U.S. demand for skilled worker visas seen topping quota soon
Mon Apr 1, 2013 9:18pm EDT
SAN FRANCISCO (Reuters) - A popular U.S. visa program for skilled workers is likely to hit its quota within days after its application period opens, triggering a lottery and signaling that companies feel confident enough about the economy to hire more foreign workers.
The H-1B program will not have reached its base cap of 65,000 so quickly since early 2008, before the economic crisis hit. That was the last time a lottery was used, according to U.S. Citizenship and Immigration Services, which processes the applications.
The application period opened on Monday. The USCIS plans to announce by the middle of next week if it will hold a lottery for the visas, a spokesman told Reuters on Monday. It had previously said it anticipated the quota for the year starting October 1 could be met by Friday.
Last year the cap was not reached until June.
Preliminary paperwork that prospective visa seekers must file with the Department of Labor before applying to USCIS indicates that there is demand for well over 65,000 visas, said Jacksonville, Florida-based lawyer Ashwin Sharma, who handles H-1B visa applications for technology consulting firms. He expects a record volume of applications this year.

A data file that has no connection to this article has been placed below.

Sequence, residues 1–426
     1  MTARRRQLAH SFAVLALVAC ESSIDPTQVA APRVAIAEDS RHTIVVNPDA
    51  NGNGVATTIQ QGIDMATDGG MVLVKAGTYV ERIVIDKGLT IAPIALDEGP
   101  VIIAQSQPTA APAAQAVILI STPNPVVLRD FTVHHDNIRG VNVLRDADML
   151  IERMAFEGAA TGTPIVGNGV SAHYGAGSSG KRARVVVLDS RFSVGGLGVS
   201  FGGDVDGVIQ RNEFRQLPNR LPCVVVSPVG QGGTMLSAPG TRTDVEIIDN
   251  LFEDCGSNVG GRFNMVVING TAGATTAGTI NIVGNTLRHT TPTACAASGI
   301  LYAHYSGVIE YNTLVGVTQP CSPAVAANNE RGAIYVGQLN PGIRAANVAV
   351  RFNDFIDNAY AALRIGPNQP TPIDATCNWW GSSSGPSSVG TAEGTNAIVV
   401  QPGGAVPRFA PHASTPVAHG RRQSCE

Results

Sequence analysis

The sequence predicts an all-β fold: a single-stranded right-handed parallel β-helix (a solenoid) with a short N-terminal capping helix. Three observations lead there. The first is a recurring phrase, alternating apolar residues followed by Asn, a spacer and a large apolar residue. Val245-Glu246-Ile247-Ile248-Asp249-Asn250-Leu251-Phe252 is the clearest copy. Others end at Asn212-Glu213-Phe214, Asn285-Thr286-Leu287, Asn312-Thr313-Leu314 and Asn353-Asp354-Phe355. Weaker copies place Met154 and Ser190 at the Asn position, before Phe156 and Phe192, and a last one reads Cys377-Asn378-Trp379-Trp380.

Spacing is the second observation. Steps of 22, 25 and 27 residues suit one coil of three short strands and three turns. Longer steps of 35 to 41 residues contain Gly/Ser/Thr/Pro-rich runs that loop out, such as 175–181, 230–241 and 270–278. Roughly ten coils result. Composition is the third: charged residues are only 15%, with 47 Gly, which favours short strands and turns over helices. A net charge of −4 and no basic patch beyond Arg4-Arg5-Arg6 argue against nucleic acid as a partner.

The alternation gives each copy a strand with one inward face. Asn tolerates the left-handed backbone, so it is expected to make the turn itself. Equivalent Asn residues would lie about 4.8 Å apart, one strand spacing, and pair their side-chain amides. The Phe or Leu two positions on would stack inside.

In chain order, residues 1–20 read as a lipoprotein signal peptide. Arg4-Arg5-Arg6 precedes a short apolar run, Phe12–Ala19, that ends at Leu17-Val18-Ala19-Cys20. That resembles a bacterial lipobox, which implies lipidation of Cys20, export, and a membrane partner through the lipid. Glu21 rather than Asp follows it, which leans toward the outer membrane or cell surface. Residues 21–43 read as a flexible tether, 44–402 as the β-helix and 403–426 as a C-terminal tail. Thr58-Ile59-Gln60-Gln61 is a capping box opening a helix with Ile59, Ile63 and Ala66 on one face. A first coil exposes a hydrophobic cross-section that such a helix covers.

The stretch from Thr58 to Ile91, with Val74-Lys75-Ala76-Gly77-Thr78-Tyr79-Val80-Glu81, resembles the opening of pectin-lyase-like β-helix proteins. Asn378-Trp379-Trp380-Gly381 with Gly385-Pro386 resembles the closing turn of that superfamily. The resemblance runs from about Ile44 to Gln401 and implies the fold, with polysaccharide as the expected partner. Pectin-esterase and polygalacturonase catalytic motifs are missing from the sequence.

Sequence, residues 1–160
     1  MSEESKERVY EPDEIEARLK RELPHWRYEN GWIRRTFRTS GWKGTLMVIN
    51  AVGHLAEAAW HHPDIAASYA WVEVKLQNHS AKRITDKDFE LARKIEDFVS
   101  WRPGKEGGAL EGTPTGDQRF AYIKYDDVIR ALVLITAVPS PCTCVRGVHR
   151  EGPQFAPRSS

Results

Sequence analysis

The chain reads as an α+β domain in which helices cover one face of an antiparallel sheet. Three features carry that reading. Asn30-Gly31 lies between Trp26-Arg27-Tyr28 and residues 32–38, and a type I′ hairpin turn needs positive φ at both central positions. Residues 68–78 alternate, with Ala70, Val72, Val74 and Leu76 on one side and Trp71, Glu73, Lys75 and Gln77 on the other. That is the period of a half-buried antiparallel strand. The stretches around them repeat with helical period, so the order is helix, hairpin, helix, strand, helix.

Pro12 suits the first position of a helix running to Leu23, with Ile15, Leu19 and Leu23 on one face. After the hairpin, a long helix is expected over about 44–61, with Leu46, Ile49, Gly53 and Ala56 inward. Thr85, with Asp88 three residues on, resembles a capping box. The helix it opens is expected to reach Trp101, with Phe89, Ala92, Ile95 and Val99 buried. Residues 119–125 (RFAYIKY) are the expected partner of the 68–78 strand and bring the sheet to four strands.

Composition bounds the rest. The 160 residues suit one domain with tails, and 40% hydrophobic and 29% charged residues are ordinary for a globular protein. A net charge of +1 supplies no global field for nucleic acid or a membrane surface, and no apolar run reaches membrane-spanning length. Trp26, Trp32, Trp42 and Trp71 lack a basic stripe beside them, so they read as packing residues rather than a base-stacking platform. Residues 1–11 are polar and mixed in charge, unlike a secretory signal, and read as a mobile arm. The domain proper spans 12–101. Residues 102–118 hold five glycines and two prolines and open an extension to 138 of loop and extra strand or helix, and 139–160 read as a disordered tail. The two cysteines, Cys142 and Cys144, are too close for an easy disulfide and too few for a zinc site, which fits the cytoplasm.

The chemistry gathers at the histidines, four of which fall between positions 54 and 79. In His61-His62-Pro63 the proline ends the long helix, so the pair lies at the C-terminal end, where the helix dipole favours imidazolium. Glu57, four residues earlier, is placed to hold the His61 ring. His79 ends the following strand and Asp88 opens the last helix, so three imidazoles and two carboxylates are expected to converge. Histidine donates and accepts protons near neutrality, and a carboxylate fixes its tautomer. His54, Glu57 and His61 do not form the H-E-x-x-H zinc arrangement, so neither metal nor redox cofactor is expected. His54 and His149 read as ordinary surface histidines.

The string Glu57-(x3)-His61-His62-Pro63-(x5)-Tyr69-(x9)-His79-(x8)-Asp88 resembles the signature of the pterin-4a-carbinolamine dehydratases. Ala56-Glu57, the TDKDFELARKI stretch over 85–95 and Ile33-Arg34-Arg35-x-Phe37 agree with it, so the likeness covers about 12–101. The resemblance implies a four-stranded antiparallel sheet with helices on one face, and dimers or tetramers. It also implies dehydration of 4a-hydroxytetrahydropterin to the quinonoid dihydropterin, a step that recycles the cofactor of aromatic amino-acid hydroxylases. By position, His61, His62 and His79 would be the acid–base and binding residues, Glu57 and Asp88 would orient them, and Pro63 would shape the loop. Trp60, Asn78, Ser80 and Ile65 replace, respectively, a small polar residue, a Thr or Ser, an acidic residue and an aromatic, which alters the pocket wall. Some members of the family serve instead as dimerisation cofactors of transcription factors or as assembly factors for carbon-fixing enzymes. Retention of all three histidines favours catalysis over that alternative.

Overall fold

U.S. companies, particularly in technology, say they need the visas to fill vacant positions. But some worker-advocacy groups counter that the companies are using the visa program to hire cheaper foreign labor.
While the official quota is 65,000, the actual number of people who enter the United States on H-1Bs is far greater because workers at universities and some other workplaces don't count toward the limit. Masters and PhD graduates from U.S. universities have their own quota of 20,000 visas.
Last year, the government issued 129,000 H-1B visas - almost double level of the official quota.
The U.S. Congress is currently working on immigration reform legislation. Among proposals being considered is a revamp of the H-1B program that could raise the quota based on demand and eliminate the lottery.
(Reporting by Sarah McBride; Editing by Eric Walsh)